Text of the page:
Tamara De Lempicka
Posted on 24th September 2020
Not too long ago I was asked to create a copy of a painting called ‘Myrto’ by Tamara De Lempicka.
The further I progressed with this copy the more I fell in love with this painting, its fascinating history and the story of the exceptionally talented artist that painted it. The copy I was working on was in fact based on another copy, nobody knows the true destiny of the original. The painting was exhibited for the first time at the Paris Salon d’Automne in 1929, where it was bought by Dr. Pierre Boucard for his private collection. In 1940 the villa where Dr. Boucard kept the painting was requisitioned and became the residence of the high-ranking SS officers.
From that day all traces of ‘Myrto’ were lost. There are in fact two main theories regarding the disappearance of this painting. One is that Dr. Boucard himself in order to save the painting moved it to his yacht in the South of France. The other is that ‘Myrto’ was stolen by one of the German officers, this later theory is more likely and even Tamara De Lempicka confirmed this herself by scribbling at the back of a photograph ‘Stolen by the Nazis’.
Tamara De Lempicka of course painted many beautiful paintings but because I had an opportunity to create a copy of ‘Myrto’, this painting will always be for me one of my favourites. Tamara De Lempicka was famous not only for her amazing art but also for her extravagant personality, beauty, style and fascinating life story. As I read about this artist I decided to pick out a couple of what I thought were interesting facts and the quotes by the artist.
There is some confusion over when and where Tamara De Lempicka was born. She told some that she was born in Moscow in 1907 however most historians these days agree that she was born in 1898 in Warsaw, Poland.
She began her career when she was a young teenager. When she was about 12 a famous painter painted her portrait, however she hated the result and thought that she could do a better job. This inspired her to create her first painting, a portrait of her younger sister Adrienne.
After her parents divorced she spent one summer in St Petersburg with her aunt, there she met and fell in love with a successful Polish lawyer Tadeusz Lempicki. She was still a teenager when they married in 1916. The life of luxury that they had was ended by the Russian Revolution in 1917. Tadeusz Lempicki was arrested by the Bolshevicks but Tamara managed to secure his release. They fled to Paris.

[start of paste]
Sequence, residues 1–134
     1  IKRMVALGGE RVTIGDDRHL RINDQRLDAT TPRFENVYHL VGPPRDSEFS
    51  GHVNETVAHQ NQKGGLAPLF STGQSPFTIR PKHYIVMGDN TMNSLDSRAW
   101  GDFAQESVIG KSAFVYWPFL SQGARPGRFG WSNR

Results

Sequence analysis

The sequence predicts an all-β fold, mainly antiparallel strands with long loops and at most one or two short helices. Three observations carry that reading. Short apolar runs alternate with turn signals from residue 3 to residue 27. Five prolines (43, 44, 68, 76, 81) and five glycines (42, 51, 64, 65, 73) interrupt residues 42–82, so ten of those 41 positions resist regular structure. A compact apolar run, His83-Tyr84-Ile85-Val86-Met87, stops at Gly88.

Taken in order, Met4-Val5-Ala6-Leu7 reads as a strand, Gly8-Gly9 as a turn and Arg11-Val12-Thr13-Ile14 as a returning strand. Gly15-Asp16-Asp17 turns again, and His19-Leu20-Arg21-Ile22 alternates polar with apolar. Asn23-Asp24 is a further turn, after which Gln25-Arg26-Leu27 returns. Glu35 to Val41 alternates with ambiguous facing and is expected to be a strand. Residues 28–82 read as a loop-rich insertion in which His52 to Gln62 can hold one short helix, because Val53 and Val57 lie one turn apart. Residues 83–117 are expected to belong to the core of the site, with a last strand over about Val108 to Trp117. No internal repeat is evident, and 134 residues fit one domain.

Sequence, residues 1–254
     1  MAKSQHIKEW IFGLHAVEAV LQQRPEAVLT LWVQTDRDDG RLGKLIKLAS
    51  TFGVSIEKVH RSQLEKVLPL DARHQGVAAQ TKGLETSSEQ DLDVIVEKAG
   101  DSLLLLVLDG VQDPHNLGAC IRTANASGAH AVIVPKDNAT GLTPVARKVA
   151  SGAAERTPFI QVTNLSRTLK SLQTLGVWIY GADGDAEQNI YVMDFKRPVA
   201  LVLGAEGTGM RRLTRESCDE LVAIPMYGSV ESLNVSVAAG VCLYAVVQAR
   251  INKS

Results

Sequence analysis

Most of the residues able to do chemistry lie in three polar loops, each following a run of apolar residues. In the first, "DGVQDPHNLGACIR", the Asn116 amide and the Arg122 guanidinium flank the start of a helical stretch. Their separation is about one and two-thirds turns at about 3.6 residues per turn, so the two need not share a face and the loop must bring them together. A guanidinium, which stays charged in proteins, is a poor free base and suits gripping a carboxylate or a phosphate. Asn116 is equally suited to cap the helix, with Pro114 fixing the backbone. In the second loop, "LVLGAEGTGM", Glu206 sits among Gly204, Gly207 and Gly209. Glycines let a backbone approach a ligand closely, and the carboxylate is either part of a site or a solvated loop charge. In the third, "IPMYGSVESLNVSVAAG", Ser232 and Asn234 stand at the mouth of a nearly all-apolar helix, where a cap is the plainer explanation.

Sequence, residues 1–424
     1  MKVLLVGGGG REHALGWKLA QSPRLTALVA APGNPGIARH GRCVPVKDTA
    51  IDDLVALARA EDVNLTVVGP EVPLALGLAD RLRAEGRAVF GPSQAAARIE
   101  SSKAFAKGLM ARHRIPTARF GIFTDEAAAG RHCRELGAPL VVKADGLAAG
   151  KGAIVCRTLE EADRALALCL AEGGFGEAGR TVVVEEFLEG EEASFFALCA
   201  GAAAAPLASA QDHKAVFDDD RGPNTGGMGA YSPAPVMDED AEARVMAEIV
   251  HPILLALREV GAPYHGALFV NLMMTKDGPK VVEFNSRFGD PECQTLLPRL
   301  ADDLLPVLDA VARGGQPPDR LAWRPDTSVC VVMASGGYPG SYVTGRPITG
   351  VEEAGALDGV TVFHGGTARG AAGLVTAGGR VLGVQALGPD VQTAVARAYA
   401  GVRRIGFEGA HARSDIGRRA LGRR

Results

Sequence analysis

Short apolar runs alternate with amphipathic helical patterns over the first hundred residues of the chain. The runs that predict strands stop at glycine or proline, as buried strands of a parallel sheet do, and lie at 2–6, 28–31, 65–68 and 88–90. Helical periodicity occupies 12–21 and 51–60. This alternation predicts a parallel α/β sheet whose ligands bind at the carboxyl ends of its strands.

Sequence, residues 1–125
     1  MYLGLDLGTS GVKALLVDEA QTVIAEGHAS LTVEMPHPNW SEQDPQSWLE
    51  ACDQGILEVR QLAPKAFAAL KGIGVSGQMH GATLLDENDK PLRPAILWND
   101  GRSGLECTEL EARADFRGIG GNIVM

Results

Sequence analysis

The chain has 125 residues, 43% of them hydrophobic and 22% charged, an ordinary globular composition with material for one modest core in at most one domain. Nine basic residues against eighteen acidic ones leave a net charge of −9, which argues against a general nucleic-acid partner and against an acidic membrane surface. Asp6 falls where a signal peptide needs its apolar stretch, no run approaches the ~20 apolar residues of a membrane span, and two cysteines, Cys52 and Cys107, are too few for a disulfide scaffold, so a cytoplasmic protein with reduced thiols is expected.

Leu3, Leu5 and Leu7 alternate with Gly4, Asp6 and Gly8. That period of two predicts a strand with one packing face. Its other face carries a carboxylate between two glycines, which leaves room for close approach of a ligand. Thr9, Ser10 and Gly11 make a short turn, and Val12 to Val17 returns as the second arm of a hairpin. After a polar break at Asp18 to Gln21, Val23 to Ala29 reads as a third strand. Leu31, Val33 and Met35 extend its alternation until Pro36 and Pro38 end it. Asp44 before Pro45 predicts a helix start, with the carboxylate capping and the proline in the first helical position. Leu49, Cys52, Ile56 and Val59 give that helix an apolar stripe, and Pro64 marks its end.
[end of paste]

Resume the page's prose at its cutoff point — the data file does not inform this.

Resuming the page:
Like many other exiled White Russians when they arrived in Paris they had no money as they were forced to abandon all of their possessions. Tadeusz was unable to find work and the family lived for a while from the sale of family jewels. In 1919 Tamara’s only daughter Kizette was born adding to the financial pressures. Tamara decided to become a painter.
Tamra de Lempicka time was the 1920, her art the embodiment of Art Deco style. Her probably most famous painting ‘Tamara in Green Bugatti’ was commissioned for the cover of German magazine Die Dame which saw the artist as a ‘symbol of women’s liberation’. She combined traditional style with advertising techniques, elaborate photographic lighting and architectural views of great cities.
Some of my favourite Tamara De Lempicka’s quotes include this one, referring to her iconic Green Bugatti which in fact was a yellow Renault…
’There are no miracles. There is only what you make’.
Here are some other things she said…
‘To play Chopin was not so important, in comparison to being Chopin’
‘I fell in love with him because he was so good-looking. And because he was all alone with ten women around him’ referring to her falling in love with Tadeusz Lempicki.
Tamara’s wedding dress stretched the entire length of the chapel. ‘That’s the way everyone’s wedding gown should look. You only get this one chance in your life to have everyone turn to stare at you, no matter whether you’re beautiful or not’.
Speaking of her art in comparison to her contemporaries she would say ‘Everything that I did was never done like the others were doing…Somehow I did always differently…I wanted to do what I want.’
‘There is very little background in my paintings. I want you to see the figure, that is what is important’.
She sometimes deliberately made the tops of some portraits appear missing. ‘People thought I had made a mistake, I had chopped off a piece of their heads. But I wanted it to look like the people ran in and out, leading their busy lives’.
Tamara was obsessively neat, in art as well as her home. Referring to the standards of setting the table she said
‘I am very precise. The table has to be …perfect. Otherwise it disturbs me. I have precision in everything, the same in my paintings. My paintings are finished from this little corner to this little corner.’
‘I do what I want to do and hate to do what I have to do….My life was never conventional…I’m not the ‘classic’ type of person.’
‘My goal is never to copy’ but to ‘create a new style’…
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